We understand that only a limited amount of Wegovy will be available – and through specialist weight management services only.
Is it the same across the UK?
The shortages are having a global impact including across the UK. Scotland, Northern Ireland and Wales have all issued guidance which reflects that issued by the Department of Health and Social Care.
What are Diabetes UK doing?
We are supporting the recent guidance and are having ongoing discussion with the manufacturer and the Department for Health and Social Care about our concerns over how this is impacting people with diabetes.
Douglas Twenefour, Head of Care at Diabetes UK, said:
“The ongoing shortages of GLP-1 medications, including Ozempic, are having serious implications for many people with type 2 diabetes and are a major concern.
"The situation is causing considerable stress and uncertainty for those affected and, in cases where no other alternatives are suitable, people are being moved on to insulin – which can be challenging to manage and requires additional time from healthcare professionals to support people to use it.
"We welcome the government’s guidance to prescribers and fully support the instruction that these medications should not be prescribed off-label under any circumstances while there is an ongoing shortage impacting people with type 2 diabetes.
“All existing stock must be conserved for people with type 2 diabetes and it is vital that the supply of these medications into the NHS is drastically improved before the winter, when NHS resources come under even more strain. We also want to see an increase in staff resource, to ensure there is greater support for people impacted by this issue and to safeguard against any further impact on routine diabetes care.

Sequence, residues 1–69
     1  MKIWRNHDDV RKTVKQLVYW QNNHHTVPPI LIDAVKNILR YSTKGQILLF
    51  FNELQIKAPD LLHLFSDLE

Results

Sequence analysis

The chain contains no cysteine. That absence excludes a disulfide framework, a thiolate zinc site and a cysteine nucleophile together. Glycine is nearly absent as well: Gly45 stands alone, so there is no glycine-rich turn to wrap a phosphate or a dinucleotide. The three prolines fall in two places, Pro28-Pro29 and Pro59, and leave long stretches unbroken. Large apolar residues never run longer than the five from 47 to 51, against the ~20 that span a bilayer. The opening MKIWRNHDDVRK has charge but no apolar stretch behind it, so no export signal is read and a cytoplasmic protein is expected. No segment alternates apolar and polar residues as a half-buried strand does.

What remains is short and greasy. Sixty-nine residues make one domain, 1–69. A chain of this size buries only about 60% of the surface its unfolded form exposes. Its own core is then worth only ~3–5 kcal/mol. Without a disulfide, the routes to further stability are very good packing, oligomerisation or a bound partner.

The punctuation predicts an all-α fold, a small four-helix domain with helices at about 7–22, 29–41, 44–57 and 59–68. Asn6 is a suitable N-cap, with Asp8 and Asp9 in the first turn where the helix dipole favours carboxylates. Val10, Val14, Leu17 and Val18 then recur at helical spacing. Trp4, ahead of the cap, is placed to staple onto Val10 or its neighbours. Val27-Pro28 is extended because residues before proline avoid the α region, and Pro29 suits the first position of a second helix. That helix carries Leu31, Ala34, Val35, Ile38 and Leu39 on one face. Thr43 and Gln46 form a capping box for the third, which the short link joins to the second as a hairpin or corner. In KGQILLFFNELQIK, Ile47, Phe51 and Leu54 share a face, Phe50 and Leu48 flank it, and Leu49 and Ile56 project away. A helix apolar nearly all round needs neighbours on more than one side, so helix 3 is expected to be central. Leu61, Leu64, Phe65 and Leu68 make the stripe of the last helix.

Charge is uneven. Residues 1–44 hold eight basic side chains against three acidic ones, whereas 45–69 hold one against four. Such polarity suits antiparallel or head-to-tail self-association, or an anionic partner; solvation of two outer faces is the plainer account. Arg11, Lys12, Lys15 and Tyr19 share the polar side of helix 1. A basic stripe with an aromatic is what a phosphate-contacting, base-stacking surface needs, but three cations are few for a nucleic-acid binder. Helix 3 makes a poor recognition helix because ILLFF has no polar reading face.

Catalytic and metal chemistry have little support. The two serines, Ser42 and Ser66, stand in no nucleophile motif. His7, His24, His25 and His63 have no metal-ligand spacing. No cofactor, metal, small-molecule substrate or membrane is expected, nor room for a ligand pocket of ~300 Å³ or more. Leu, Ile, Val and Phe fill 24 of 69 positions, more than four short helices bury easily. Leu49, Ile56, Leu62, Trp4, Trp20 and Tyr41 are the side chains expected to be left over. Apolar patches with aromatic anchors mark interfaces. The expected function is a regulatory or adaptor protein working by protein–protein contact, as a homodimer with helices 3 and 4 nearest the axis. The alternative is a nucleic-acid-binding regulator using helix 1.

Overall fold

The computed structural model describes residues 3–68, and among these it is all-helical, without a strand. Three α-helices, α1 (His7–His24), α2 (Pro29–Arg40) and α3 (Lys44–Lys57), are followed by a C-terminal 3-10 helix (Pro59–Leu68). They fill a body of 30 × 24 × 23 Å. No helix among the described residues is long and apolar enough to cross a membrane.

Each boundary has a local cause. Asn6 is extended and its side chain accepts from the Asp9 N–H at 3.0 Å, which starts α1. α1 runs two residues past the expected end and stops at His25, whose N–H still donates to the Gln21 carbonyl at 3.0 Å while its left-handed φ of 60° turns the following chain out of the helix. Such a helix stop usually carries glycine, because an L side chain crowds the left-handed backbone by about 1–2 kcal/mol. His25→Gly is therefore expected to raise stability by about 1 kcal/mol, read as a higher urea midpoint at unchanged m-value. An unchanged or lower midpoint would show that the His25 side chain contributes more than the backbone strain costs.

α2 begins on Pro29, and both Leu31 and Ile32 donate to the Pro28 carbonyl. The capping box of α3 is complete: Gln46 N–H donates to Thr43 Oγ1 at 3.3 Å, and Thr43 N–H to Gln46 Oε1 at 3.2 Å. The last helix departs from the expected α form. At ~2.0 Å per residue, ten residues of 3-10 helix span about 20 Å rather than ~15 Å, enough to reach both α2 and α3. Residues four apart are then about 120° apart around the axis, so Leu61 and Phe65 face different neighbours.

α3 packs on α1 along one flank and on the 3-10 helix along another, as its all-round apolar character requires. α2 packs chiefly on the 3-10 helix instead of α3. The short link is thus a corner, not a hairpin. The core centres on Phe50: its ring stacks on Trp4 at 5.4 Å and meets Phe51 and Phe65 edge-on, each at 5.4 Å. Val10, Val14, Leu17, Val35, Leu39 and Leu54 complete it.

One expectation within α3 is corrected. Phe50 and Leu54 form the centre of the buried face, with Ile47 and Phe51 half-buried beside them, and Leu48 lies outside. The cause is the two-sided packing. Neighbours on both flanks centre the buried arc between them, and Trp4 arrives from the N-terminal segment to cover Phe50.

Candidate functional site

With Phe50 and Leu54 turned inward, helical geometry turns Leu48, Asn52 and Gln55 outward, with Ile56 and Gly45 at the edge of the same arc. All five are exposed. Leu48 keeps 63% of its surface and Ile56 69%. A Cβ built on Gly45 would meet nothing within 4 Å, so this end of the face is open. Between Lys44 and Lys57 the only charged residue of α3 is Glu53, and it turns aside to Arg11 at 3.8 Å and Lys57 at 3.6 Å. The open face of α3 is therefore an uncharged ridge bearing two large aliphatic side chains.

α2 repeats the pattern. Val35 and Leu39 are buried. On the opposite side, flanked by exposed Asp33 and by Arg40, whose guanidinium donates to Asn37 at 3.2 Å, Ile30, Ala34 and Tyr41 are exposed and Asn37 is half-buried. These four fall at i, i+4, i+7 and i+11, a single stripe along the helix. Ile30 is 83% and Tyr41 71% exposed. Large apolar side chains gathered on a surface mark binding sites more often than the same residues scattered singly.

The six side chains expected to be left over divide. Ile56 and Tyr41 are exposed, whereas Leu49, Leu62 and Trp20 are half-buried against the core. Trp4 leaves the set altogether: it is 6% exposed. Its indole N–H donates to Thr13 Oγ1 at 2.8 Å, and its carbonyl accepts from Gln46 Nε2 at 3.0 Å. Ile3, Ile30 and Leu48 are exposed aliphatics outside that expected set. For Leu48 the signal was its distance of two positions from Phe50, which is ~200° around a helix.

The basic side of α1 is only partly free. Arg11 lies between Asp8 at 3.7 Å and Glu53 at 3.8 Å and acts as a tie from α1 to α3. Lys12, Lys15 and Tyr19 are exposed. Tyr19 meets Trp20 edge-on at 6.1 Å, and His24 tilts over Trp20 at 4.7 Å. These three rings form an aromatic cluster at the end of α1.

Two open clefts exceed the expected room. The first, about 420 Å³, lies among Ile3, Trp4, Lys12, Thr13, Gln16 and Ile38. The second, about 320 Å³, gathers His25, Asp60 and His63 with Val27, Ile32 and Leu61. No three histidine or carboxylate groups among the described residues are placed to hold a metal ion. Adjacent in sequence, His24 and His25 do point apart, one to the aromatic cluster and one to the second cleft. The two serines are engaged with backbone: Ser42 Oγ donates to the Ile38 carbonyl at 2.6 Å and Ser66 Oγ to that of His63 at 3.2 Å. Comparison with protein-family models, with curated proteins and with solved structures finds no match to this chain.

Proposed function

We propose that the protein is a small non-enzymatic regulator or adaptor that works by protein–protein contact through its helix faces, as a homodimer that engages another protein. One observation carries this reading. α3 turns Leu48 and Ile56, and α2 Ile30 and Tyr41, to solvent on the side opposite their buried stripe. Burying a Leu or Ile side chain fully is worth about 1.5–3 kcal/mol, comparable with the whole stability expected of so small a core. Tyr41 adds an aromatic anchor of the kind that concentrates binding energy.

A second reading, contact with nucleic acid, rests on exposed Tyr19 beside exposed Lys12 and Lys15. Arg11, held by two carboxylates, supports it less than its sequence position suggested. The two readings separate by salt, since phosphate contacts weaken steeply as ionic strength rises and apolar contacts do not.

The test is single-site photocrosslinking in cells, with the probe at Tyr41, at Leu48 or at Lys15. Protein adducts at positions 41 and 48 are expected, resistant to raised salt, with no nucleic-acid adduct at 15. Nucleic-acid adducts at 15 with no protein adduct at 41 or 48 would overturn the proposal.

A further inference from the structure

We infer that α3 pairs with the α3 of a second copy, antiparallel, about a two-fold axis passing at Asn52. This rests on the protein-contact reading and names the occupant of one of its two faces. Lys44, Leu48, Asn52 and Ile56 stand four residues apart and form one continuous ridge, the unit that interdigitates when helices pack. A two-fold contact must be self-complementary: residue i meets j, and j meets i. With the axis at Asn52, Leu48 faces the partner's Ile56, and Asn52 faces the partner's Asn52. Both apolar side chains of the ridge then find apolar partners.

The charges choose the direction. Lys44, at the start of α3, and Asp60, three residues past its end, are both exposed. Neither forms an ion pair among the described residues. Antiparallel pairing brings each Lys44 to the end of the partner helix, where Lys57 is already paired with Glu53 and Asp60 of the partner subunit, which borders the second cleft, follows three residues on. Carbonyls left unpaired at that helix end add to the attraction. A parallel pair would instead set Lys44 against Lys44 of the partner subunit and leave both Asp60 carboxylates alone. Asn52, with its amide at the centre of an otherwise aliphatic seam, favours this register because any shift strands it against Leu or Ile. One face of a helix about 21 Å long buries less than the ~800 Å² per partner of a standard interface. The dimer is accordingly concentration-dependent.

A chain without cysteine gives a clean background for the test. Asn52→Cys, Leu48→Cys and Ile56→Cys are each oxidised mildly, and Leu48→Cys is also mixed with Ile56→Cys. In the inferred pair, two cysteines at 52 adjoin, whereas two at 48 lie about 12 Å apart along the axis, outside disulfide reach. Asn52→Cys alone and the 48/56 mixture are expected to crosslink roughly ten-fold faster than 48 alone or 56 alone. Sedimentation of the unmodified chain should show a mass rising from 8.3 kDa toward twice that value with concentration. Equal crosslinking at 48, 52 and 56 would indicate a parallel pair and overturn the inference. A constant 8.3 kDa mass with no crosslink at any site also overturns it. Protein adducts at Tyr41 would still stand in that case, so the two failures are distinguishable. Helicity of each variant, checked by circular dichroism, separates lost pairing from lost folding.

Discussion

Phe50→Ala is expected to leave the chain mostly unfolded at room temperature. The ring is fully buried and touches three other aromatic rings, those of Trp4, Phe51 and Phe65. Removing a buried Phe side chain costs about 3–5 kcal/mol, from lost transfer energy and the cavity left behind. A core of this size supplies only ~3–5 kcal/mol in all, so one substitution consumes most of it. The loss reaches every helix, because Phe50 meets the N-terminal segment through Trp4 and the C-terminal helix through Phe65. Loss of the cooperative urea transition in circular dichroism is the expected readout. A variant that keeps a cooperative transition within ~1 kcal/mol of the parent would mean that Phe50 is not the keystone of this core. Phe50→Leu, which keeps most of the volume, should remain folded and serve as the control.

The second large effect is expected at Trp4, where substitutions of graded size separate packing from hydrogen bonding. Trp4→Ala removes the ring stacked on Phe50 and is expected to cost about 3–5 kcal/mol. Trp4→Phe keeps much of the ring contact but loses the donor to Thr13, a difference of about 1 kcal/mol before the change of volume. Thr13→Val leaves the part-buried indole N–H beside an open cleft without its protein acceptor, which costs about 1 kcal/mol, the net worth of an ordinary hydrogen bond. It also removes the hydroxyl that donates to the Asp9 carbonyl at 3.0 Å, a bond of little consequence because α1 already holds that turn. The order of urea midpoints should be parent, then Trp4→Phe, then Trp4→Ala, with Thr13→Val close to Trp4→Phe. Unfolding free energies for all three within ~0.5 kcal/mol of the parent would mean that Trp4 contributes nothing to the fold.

"We hope that the launch of Wegovy will – in time – ease some of the pressures on the supply of GLP- 1 medications by offering an option that is expressly for weight loss and therefore helping to reduce some off-label prescription of GLP-1 drugs licensed for type 2 diabetes.
"Anyone affected by these shortages should be contacted by their healthcare team to discuss finding the best courses of treatment available. But if you are still concerned, you can ring the Diabetes UK helpline on 0345 123 2399.”
What to do if this affects your prescription
We advise that you contact your healthcare team if you’re affected by shortages of GLP-1 analogues. These shortages mean that some people may need to change to a different medication or management plan. Your healthcare team should be able to discuss the options with you.
Lower doses of GLP-1 should not be doubled up as this will contribute to the shortage of the medication and GLP-1 RAs should only be obtained on prescription from registered pharmacies and not be bought online without a prescription. It is not legal to obtain a GLP-1 RA without a prescription and there is a risk that the medicine may not be what it says it is.
You may be offered a diabetes review sooner than your next planned appointment. If your medication changes and you need support, ask your healthcare team about structured education and whether a referral to diabetes remission or weight management programme might be suitable for you.
If this shortage is impacting on your mental health and wellbeing you can call the Diabetes UK Helpline – call 0345 123 2399.